After opting not to enforce the follow-on, South Africa ended day three of the series finale against Australia with a mammoth 401-run lead.

Paine fights hard but Proteas leave Australia on the ropes

Tim Paine defied a thumb injury to hit a valiant half-century but a wounded Australia side suffered at the hands of South Africa on day three of the fourth Test.

Struggling with a hairline fracture in his right thumb, captain Paine led the way with 62 before the tourists – who had resumed on 110-6 – were bowled out for 221 in Johannesburg.

Proteas captain Faf du Plessis declined the chance to enforce the follow-on, perhaps mindful Morne Morkel had been off the field with an apparent side strain in the morning session, and instead opted to build on a first-innings lead of 267 by batting again.

The hosts made steady but unspectacular progress for the remainder of Sunday's play, reaching 134-3 by the close to extend their advantage to a mammoth 401 runs.

Aiden Markram contributed 37, in the process becoming the second fastest South African to 1000 Test runs, while opening partner Dean Elgar hit a patient 39 not out from 158 deliveries.

Pat Cummins followed up a maiden Test half-century with the bat by taking 2-35, but Australia's hopes of levelling a controversial series overshadowed by the ball-tampering scandal look all but over.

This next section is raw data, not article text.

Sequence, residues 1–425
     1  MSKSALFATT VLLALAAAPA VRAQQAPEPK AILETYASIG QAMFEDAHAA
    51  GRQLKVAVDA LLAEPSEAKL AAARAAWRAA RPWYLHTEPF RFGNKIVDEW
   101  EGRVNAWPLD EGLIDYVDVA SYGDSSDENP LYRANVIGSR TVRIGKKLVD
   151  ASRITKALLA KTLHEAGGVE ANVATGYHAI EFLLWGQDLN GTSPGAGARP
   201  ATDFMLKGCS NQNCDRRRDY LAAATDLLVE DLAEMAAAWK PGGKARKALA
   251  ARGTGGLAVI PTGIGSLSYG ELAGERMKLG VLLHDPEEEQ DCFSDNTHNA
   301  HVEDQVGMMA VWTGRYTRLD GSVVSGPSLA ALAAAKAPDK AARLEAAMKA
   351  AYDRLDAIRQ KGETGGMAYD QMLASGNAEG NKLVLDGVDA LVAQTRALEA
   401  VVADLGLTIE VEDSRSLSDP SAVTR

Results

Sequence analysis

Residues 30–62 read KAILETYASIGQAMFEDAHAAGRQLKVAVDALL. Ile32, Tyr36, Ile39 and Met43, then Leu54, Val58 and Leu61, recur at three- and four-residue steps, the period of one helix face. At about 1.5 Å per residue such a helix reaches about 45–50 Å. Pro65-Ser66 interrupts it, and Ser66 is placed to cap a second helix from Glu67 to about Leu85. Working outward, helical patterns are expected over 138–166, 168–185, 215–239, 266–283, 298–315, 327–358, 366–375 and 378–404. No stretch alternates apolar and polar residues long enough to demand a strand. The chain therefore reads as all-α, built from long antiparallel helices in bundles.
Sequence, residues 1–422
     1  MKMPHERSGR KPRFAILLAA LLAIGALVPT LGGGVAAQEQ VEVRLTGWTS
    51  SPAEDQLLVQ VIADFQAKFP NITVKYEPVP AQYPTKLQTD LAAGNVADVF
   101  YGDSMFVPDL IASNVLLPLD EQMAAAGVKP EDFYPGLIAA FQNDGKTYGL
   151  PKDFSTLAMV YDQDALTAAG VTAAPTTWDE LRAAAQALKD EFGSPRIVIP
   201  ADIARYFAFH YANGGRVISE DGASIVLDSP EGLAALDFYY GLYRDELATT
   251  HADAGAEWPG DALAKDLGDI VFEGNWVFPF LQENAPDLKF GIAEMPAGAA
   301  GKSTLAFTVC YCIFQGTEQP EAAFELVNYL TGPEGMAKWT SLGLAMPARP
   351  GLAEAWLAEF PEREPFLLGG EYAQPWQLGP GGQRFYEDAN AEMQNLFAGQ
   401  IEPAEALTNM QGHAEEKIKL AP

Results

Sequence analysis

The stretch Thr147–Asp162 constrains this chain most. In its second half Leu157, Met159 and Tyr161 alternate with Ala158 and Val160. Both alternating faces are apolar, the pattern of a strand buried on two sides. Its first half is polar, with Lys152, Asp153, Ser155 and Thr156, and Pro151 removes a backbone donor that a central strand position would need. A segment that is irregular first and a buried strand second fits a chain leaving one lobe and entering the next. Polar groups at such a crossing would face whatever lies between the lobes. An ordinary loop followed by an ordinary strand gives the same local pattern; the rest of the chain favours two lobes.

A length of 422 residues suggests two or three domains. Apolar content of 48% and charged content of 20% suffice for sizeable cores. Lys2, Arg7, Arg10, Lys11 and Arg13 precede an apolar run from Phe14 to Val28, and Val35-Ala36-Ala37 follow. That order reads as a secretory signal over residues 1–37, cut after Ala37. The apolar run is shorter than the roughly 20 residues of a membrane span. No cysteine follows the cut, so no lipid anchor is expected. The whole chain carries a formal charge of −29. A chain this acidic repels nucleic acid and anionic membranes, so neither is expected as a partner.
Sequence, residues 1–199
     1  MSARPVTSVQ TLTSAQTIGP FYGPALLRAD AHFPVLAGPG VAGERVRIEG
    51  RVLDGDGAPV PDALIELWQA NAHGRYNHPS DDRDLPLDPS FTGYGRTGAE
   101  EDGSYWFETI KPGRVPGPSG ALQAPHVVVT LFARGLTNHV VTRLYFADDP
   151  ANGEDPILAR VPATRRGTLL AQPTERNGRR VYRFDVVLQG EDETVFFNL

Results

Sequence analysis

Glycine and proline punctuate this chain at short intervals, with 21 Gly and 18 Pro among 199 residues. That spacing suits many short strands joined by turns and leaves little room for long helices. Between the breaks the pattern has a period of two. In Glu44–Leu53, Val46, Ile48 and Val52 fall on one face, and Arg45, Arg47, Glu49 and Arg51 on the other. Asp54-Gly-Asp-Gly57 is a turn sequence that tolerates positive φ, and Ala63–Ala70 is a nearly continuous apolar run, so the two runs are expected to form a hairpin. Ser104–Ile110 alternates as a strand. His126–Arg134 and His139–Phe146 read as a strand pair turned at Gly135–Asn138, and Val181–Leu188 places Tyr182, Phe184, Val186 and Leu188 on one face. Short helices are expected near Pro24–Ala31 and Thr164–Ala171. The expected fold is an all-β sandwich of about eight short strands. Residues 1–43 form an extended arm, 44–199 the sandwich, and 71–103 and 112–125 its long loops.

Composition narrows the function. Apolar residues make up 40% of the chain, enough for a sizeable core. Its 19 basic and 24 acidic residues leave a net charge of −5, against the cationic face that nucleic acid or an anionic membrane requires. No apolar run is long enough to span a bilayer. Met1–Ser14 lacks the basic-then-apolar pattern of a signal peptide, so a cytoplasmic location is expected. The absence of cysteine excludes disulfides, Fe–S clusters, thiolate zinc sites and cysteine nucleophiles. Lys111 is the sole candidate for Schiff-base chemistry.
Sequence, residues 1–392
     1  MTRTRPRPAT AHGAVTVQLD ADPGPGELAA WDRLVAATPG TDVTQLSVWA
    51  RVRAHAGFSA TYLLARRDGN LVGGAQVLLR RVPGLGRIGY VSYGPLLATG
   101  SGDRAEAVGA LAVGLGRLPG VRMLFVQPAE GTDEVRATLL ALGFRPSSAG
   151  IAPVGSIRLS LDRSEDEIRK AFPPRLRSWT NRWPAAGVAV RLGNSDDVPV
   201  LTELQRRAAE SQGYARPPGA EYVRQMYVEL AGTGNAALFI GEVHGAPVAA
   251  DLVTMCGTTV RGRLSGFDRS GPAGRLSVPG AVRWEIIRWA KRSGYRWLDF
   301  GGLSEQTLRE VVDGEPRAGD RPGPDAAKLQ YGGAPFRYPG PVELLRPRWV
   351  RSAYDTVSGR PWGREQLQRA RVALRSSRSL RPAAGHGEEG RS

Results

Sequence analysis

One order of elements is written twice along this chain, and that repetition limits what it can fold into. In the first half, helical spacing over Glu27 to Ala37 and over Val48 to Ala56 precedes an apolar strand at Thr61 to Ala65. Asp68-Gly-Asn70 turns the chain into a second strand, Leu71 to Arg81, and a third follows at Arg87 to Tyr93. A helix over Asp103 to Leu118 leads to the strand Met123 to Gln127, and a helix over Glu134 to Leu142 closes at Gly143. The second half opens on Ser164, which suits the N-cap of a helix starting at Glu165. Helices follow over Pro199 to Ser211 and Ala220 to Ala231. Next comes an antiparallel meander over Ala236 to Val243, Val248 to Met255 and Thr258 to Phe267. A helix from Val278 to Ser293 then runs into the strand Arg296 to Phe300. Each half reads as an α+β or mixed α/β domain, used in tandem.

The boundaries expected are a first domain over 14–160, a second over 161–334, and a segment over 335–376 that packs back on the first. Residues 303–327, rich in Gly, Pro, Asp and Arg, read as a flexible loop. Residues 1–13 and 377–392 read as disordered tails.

Paine, who suffered his injury while keeping wicket on day two, and Cummins combined in a 99-run stand that defied South Africa, only for the final four wickets to fall for 26 runs either side of the lunch break.

Cummins hit six fours and a solitary six before he was gone for an even 50, eventually given out lbw trying to sweep spinner Keshav Maharaj (3-92) after the home side made good use of the review system.

Nathan Lyon chipped Kagiso Rabada to mid-off to depart for eight while Chadd Sayers failed to open his Test account, top-edging a cut shot off Maharaj to Hashim Amla at backward point as he fell for a duck on debut.

Having reached his milestone in style by slog-sweeping Maharaj over the mid-wicket rope for six, Paine was last man out. In trying to charge Rabada he sliced the ball high in the air, allowing Elgar to turn and sprint towards the boundary from his position at mid-off.

The fielder needed a full-length dive to seize the opportunity with two hands, then immediately ran off the field to signify South Africa would not be putting their opponents back in.

Markram provided early impetus in South Africa's second innings as he reached a notable personal landmark in only his 18th Test knock, just one fewer than compatriot Graeme Smith, before Cummins had the right-hander caught in the slips.

The same bowler removed AB de Villiers for six and while the home side also lost Amla (16), Elgar and skipper Du Plessis – who finished up unbeaten on 34 – turned the screw on Australia.

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England strengthen grip on second Test against New Zealand

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Bad light halts England

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Bairstow: It was pretty frustrating

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